Sunday 28 April 2013

How to get that dream assignment.

In my career I have been given some dream assignments.

A five day assignment to photograph the islands in the the Venetian lagoon (with my own speedboat and driver), the crowning of the world's youngest King, and the seal hunters of Newfoundland are some which stand out to me at the moment but the truth is all the work that I am really known for I have never actually been commissioned for.

A question I frequently pose at workshops is 'What is your dream assignment?'

The answers from the delegates range from shoots with super models, movie stars, top fashion magazines, National Geographic, you name it.
All laudable and great things to aspire to.

I then break the news to them.

On the balance of probability they are never going to get them.

Now this does sound harsh, but let me explain.

You cannot just aspire to be one of these photographers you actually have have to BE the photographer who shoots the kind of work which your dream client requires.

If you can clearly demonstrate to a client that you can and do shoot the kind of photography they use on a regularly basis your chances rise immeasurably.

Commissioners of photography at the very highest levels have fought hard to get their jobs and even harder to maintain their positions. They are not going to risk their necks on someone who is unproven. They need to know themselves and justify to their superiors why the job they commissioned you for was a rip roaring success or save their necks if it goes south.

This may sound like the ultimate 'catch 22' situation, not getting the gig without doing the gig first.

It comes down to a passion for what you photograph and translating that into self commissioning.

One cannot do it endlessly, but a few focused shoots on your chosen subject, to build a body of work which enables a commissioner to see that you can actually do the job will take you a long, long way.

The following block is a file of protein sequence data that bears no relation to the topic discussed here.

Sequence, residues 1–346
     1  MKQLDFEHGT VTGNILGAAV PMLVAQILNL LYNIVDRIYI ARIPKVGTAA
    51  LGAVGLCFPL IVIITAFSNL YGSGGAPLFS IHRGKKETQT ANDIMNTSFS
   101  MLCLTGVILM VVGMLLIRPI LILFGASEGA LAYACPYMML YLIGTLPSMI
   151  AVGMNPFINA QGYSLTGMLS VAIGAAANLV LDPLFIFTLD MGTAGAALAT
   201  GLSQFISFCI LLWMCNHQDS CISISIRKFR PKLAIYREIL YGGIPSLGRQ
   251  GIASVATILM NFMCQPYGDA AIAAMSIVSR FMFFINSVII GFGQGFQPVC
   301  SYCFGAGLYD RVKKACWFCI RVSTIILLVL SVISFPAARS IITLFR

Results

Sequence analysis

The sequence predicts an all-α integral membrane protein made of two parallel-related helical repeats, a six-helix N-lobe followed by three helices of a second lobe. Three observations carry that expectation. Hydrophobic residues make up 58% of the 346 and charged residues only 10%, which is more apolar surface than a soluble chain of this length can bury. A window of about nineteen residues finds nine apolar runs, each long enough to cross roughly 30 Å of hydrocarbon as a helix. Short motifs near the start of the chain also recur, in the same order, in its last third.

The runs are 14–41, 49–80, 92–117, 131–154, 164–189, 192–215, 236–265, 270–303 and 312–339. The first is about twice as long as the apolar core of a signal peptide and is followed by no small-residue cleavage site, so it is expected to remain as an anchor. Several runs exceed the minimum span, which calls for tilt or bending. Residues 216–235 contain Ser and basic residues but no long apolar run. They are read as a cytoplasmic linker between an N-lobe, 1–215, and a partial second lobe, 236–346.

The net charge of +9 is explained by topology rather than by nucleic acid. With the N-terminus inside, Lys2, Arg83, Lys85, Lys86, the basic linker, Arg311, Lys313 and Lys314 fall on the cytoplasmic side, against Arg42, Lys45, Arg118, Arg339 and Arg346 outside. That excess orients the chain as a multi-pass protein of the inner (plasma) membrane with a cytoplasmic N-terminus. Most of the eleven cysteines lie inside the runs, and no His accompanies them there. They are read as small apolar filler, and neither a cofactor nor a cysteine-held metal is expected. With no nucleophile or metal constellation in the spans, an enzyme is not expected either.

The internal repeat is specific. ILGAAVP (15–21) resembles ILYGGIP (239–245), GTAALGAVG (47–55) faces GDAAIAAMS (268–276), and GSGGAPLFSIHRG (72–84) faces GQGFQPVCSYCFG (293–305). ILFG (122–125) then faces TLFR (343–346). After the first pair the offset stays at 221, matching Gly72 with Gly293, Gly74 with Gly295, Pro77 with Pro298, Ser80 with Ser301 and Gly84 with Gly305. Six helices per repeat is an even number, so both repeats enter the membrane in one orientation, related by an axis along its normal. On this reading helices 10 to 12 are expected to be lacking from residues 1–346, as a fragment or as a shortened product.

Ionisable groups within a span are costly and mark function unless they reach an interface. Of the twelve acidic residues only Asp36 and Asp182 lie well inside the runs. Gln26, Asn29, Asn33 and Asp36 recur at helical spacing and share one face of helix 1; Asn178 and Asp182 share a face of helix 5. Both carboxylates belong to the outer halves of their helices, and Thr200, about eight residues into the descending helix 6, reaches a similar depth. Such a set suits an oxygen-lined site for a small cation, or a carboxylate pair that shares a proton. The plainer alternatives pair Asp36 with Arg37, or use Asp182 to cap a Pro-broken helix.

Be prepared to face some harsh criticism and some tough meetings but even in these potentially disappointing or extremely rewarding moments you will be remembered.

An approach which focuses on something which is of interest and is of relevance to a chosen client will take you a long, long way. A stream of photographers will beat a path to see people who commission 'dream' assignments, but surprisingly very few will have a focused portfolio which is tailored to their specific requirements, something you can only do by being fully aware of what the client REALLY loves and uses all the time.

It is an approach I continue to use, and has served me very, very well indeed.

The phone is not going to magically ring, you really do have to make it happen for yourself.

Friday 26 April 2013

A degree in photography- is it really worth it?

A harsh headline, but let me explain.

A friend from the television world who has a light smattering of photographic experience asked me a question this week.

How do I go about opening doors and getting meetings?

How indeed.

I regard this as an art more than a science, which occupies an increasing amount of my own day.

I was mulling over what answer to give when my friend then inquired if going back to university would increase their chances?

Education is a good thing, but not at any price, and not when it is seen a passport to a job in the photographic industry.

Knowledge of photography, being a good photographer, and getting a job as a photographer are three very different and distinct things.

Having lots of photographic knowledge, and being a good photographer in no way guarantee you a place in the photographic industry.

Likewise I know some very, very successful photographers whose photographic knowledge is patchy at best, and sometimes their photographic eye is not the best either.

If you are going to university to gain further knowledge, fine.

If you are going to university to put you in a better position to get a job, I believe you could spend your time and money much more effectively.